Friday, January 31, 2014

Interviewing Students provides Compelling Comprehensible Input

Each week I notice more people tweeting, blogging, and talking about teaching languages with Comprehensible Input.  (Actually, shouldn't ALL subjects be taught with Comprehensible Input?)

One component that will make CI even better is CCI - Compelling Comprehensible Input.  What is "compelling" to our students? That's easy - hearing about themselves and their classmates.

With the start of new classes in our second semester, I chose to experiment with student interviews.  My upper level class has 28 students and if I interview two students per week, I'll be able to talk to all the students, with plenty of extra time to spare.  

The interview consists of a student volunteering to sit in the front of the room on the orange swivel chair.  Then I proceed to ask questions about their job, their pets, school classes, sports, where they would go tomorrow if they could choose any place in the world, their favorite movie, and anything that happens to come to mind during the interview.  If I don't know the student's family, I wait until the student mentions a family member from another question, and then may expand on that.

I adjust the amount of scaffolding and assistance I give the student during the interview based on their proficiency level.  My job is to make the student shine by encouraging them to talk about things THEY want to share with the class, stretching them just a bit in their speaking to show themselves that, yes, they can communicate in Spanish, and to keep the activity safe and comfortable for all.  Other students are welcome to ask questions during the interview.  Thus far, the natural curiosity of the students has resulted in a listening/speaking activity that provides compelling comprehensible input.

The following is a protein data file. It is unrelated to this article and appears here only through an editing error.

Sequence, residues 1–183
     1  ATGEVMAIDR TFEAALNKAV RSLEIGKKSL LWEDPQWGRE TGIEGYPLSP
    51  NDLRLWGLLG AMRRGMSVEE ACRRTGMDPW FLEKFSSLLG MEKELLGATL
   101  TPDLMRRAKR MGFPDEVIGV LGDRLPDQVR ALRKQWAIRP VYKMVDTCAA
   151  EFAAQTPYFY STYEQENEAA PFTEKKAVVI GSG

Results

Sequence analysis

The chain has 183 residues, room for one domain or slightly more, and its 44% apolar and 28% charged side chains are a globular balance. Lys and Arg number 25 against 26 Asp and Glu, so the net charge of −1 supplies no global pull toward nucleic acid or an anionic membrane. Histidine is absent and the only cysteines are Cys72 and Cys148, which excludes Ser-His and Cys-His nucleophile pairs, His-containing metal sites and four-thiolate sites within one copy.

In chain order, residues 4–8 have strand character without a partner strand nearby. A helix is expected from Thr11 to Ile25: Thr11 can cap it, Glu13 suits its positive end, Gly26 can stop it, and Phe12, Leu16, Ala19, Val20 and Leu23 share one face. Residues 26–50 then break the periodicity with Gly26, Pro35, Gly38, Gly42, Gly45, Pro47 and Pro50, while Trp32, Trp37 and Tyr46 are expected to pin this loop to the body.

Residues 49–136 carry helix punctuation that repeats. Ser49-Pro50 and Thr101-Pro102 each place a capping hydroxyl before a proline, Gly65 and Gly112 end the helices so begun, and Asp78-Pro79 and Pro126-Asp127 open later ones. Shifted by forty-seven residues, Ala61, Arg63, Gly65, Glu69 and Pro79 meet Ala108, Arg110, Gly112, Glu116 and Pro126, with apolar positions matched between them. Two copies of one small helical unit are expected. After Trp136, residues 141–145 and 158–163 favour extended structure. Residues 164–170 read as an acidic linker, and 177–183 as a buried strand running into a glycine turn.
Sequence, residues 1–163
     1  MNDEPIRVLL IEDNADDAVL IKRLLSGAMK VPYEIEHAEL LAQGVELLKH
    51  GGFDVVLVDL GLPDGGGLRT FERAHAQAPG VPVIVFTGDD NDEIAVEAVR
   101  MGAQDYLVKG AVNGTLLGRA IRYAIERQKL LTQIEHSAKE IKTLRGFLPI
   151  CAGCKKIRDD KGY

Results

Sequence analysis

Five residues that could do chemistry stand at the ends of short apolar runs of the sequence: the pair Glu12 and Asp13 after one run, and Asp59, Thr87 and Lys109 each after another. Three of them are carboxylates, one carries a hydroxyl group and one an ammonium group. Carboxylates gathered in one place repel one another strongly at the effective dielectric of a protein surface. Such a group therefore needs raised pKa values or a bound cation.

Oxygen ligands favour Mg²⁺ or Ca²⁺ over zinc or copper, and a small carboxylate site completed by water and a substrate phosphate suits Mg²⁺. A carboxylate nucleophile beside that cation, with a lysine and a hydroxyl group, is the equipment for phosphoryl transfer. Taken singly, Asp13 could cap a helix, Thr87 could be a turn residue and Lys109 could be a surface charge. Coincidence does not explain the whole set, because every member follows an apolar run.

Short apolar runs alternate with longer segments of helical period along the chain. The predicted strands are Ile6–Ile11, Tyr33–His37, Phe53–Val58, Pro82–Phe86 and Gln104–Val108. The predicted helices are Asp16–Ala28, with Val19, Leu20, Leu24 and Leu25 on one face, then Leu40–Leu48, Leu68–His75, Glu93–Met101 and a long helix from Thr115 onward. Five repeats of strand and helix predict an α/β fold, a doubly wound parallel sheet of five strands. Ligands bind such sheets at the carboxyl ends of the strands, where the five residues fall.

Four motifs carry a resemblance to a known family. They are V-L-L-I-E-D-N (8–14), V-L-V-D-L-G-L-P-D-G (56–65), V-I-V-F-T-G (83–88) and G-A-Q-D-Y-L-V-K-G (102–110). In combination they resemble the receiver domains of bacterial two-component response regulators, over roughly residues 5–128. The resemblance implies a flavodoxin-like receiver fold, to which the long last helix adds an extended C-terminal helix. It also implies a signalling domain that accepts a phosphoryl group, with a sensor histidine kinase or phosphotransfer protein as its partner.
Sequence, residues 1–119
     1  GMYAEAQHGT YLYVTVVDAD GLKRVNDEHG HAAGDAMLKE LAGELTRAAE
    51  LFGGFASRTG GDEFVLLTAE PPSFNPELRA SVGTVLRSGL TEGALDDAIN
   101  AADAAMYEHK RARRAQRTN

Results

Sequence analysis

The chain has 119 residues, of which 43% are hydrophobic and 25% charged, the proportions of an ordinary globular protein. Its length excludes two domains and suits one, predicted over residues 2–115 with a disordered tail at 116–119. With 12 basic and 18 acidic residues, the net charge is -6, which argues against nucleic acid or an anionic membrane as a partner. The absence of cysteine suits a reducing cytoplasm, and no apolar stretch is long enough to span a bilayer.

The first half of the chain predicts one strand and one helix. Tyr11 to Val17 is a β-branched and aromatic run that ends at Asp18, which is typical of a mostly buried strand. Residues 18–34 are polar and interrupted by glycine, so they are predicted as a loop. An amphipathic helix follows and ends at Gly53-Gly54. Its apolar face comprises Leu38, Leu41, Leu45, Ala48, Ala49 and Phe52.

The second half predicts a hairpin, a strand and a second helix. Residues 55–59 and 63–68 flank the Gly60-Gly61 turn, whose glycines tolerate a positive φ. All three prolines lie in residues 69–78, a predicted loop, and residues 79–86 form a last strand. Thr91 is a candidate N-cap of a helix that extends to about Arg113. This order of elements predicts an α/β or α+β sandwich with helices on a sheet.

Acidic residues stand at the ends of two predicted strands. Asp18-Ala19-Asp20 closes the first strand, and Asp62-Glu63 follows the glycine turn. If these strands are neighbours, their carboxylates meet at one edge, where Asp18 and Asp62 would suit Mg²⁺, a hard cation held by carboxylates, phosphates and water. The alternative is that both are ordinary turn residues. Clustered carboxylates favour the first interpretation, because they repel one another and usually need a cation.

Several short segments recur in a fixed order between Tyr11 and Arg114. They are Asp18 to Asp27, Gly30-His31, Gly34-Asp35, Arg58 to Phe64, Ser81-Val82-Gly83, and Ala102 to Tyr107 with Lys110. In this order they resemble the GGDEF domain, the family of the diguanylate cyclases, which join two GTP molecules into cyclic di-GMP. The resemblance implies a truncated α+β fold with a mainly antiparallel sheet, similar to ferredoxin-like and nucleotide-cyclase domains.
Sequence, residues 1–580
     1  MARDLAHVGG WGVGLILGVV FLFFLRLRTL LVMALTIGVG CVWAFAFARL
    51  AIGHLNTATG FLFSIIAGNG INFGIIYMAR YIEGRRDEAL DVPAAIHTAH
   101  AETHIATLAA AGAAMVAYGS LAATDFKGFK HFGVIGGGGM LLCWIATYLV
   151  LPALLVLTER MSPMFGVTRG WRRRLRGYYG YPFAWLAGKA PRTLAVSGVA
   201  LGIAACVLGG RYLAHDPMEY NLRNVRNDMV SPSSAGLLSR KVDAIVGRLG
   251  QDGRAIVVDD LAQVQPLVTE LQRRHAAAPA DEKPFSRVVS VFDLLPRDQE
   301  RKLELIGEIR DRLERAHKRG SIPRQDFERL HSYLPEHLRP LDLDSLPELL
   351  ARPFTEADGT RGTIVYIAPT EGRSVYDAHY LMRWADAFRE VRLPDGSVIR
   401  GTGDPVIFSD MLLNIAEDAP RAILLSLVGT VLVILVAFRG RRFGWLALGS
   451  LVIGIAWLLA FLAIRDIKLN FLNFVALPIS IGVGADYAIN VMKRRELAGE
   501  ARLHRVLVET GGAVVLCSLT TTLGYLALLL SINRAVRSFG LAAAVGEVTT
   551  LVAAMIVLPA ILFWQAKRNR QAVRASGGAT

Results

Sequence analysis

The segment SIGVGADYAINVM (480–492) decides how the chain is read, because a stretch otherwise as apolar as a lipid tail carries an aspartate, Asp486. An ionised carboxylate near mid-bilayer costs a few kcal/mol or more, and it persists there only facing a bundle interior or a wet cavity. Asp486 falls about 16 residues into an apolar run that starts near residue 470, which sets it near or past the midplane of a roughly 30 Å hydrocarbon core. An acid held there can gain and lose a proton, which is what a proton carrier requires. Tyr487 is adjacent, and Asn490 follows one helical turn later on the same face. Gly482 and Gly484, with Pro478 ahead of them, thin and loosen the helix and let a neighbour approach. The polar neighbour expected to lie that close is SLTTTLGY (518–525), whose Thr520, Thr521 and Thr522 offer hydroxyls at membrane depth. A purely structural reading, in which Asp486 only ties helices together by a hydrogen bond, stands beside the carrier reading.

Immediately after the interview, the students write a short composition about their classmate on the information they learned from the interview.  

Thus far we've had two student interviews, (1/24 & 1/30). This activity is quickly becoming one of my favorites because:
1) the students and I become more connected to each other because we learn a lot from the interviews,
2) the writings are short and I can quickly read & comment on them to learn their strengths and weaknesses in writing,
3) it is Compelling Comprehensible Input! 


  1. WOW! Great idea. Thanks for sharing- I think that I'm going to try this in my room- Spanish 2

  2. I loved your activity . I wonder how old are your students because I'm not sure if my teenagers would open up. Of course there is the volunteer point, but adolescents can be very cruel.

    1. It is a class of 28; 16 seniors, 3 sophomores, and 9 juniors. I am actually surprised how easy it was to get volunteers. Some that volunteered are rather quiet in class, and others are outgoing so it didn't surprise me that they volunteered.